Here we go again. The Environmental Working Group (EWG) has issued its 2012 Shopping Guide to Pesticides in Produce — which is the eighth edition to unfairly demonize healthy fruits and vegetables. EWG issues these reports annually using data from the U.S. Department of Agriculture (USDA) and the Food and Drug Administration (FDA) that actually show the opposite of what the greens claim: pesticide residues are so minute that they pose little to no health risks to U.S. consumers.
In fact, USDA explains its findings in a May 2012 press statement: “Similar to previous years, the 2010 report shows that overall pesticide residues found on foods tested are at levels well below the tolerances set by the EPA. The report does show that residues exceeding the tolerance were detected in 0.25 percent of the samples tested. For baby food –included for the first time in this report – the data showed that no residues were found that exceeded the tolerance levels.”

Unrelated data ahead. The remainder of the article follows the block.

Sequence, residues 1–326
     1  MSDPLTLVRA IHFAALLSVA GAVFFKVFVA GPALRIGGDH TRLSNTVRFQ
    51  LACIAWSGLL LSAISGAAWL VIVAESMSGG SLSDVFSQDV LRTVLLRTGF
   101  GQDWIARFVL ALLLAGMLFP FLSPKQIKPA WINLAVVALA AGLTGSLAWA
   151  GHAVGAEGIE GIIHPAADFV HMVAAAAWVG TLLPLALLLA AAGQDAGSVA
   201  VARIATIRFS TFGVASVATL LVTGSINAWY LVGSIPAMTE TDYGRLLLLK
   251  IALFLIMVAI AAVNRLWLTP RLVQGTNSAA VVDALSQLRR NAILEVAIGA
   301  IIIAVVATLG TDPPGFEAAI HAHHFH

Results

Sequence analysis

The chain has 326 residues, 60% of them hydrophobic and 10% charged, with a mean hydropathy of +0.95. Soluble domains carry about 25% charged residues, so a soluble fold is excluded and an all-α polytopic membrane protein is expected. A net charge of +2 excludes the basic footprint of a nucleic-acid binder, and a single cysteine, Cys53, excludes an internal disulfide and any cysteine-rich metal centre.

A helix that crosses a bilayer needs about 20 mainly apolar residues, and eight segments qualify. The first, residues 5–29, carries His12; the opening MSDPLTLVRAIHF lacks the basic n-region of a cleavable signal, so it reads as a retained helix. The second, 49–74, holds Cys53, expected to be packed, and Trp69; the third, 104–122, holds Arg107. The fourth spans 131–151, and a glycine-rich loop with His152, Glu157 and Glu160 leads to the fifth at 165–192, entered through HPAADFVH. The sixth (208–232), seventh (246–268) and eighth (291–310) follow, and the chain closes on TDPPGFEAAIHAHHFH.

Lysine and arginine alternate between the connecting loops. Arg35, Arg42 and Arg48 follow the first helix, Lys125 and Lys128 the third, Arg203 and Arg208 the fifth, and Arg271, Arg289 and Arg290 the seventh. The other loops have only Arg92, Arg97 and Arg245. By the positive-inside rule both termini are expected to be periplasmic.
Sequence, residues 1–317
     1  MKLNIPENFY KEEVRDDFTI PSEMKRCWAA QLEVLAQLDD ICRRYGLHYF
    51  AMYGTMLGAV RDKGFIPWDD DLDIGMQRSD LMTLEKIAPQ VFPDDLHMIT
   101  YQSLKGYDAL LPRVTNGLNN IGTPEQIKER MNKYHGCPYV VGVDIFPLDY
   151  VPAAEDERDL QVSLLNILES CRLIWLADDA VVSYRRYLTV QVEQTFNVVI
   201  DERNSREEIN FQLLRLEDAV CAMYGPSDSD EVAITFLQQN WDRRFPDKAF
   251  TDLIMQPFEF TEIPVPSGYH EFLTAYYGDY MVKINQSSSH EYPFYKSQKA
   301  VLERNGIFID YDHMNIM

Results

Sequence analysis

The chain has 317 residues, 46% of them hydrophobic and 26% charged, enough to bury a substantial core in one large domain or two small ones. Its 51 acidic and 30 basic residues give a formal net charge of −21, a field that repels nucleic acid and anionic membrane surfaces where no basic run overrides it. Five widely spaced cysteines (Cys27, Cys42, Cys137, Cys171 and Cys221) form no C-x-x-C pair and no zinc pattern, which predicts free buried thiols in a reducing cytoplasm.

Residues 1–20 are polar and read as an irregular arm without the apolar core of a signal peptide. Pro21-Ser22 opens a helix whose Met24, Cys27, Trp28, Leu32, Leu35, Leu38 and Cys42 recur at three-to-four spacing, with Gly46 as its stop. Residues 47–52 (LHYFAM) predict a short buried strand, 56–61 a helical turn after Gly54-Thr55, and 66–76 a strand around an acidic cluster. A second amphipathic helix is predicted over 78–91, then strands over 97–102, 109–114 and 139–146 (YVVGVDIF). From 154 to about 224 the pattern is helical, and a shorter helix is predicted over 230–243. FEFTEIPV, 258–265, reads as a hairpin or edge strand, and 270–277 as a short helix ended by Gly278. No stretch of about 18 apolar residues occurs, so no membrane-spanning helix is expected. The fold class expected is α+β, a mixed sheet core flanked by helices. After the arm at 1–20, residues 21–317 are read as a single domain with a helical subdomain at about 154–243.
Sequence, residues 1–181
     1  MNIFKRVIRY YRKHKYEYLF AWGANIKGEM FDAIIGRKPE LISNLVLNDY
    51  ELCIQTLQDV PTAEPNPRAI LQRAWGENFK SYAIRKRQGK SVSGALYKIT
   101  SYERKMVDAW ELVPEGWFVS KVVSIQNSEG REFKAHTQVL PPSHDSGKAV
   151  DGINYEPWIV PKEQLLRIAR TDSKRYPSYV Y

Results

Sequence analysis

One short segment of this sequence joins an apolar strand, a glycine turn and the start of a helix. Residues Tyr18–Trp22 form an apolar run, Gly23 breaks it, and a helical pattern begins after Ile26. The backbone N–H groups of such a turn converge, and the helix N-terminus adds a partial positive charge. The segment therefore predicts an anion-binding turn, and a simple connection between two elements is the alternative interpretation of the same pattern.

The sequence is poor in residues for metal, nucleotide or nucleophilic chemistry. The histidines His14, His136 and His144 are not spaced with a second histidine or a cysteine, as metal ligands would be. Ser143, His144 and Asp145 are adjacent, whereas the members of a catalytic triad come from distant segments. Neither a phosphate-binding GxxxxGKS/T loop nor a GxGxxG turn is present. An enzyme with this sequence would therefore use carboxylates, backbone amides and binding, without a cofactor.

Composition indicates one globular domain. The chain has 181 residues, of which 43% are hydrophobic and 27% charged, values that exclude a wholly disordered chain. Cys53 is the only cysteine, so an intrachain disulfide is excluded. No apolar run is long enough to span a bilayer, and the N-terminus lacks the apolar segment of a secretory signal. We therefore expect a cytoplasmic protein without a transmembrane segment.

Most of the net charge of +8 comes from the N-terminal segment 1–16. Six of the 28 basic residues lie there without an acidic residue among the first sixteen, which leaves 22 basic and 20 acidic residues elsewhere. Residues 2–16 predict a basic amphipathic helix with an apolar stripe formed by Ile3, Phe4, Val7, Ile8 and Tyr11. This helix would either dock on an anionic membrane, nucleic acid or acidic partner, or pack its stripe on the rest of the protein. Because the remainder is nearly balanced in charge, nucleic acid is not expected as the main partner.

In other words, this report showed that 99.75 percent of samples tested contained residues well below EPA’s “safe level.” Wow, that’s an impressive success rate! It’s a very strong indicator that U.S. consumers have nothing to fear from trace pesticides on their food.
What about the 0.25 percent that had levels above EPA standards? Consumers need not fear even those. Such slight exceedances have no public health impact because EPA standards are exceedingly stringent so that even a child could be exposed at levels thousands of times higher without ill effect.
However, by discouraging the consumption of healthy foods like apples, celery, and blueberries, EWG may contribute to increased cancer and other health risks!
For more information, see my op-ed that addressed their 2009 guide.